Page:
WASHINGTON, Sept. 14 (UPI) -- The use of water and fossil fuels by the U.S. Defense Department will decline by more than 20 percent in 10 years, the agency announced in Washington.
U.S. President Barack Obama, in an executive order signed in October, called on federal agencies to reduce use of water and fossil fuels and set targets to cut greenhouse gas emissions by 2020.
The Pentagon announced it was outlining plans to cut water and fossil fuel consumption by more than 20 percent in the next decade.
The Pentagon said its green-energy plan is in line with the 2010 Quadrennial Defense Review, which for the first time linked climate change and energy to the department's strategies.
Ashton Carter, undersecretary of defense for acquisition, technology and logistics, said moving toward a greener military would offer more flexibility to U.S. soldiers.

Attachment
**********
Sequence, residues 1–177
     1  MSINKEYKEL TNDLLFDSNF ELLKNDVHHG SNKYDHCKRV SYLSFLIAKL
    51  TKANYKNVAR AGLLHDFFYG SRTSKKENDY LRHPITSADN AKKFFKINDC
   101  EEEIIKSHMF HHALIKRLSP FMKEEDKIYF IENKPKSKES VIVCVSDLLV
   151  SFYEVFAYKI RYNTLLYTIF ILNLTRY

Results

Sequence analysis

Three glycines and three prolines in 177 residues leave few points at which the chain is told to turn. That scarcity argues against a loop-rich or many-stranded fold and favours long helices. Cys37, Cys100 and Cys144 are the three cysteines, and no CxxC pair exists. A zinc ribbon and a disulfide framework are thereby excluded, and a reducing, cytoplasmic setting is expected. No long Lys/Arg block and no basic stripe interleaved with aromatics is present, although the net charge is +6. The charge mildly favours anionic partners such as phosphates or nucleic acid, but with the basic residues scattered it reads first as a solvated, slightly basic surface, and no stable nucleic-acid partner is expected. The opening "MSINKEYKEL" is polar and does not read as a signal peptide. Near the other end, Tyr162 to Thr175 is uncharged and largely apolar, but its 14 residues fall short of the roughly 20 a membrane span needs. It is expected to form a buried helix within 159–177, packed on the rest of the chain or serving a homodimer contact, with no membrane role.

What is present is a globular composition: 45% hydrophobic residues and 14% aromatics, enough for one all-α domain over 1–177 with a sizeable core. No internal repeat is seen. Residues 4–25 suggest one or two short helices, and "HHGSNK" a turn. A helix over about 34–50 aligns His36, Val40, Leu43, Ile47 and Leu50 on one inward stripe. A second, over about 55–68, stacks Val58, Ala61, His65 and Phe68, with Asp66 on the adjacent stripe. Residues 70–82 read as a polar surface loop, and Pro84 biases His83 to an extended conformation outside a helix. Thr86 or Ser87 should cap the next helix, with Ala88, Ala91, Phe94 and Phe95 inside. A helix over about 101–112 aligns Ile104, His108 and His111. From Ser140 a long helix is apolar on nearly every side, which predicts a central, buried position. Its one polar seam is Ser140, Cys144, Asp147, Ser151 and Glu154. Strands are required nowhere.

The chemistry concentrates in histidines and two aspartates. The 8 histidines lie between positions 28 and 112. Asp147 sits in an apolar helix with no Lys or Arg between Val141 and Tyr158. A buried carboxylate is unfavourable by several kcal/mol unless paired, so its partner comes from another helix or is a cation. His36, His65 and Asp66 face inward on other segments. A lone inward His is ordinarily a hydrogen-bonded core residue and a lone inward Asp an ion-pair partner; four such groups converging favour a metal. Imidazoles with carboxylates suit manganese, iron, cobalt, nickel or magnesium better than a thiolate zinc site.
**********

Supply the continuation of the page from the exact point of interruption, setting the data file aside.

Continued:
"Freeing warfighters from the tether of fuel will significantly improve our mission effectiveness, as will reducing our installations' dependence on costly fossil fuels and a potentially fragile power grid," he said in a statement.
Apart from consumption targets, the Defense Department's plans call for more telecommuting and less air travel for Pentagon employees.
The White House said the federal government spent more than $24.5 billion on electricity and fuel in 2008, making it the largest energy consumer in the United States.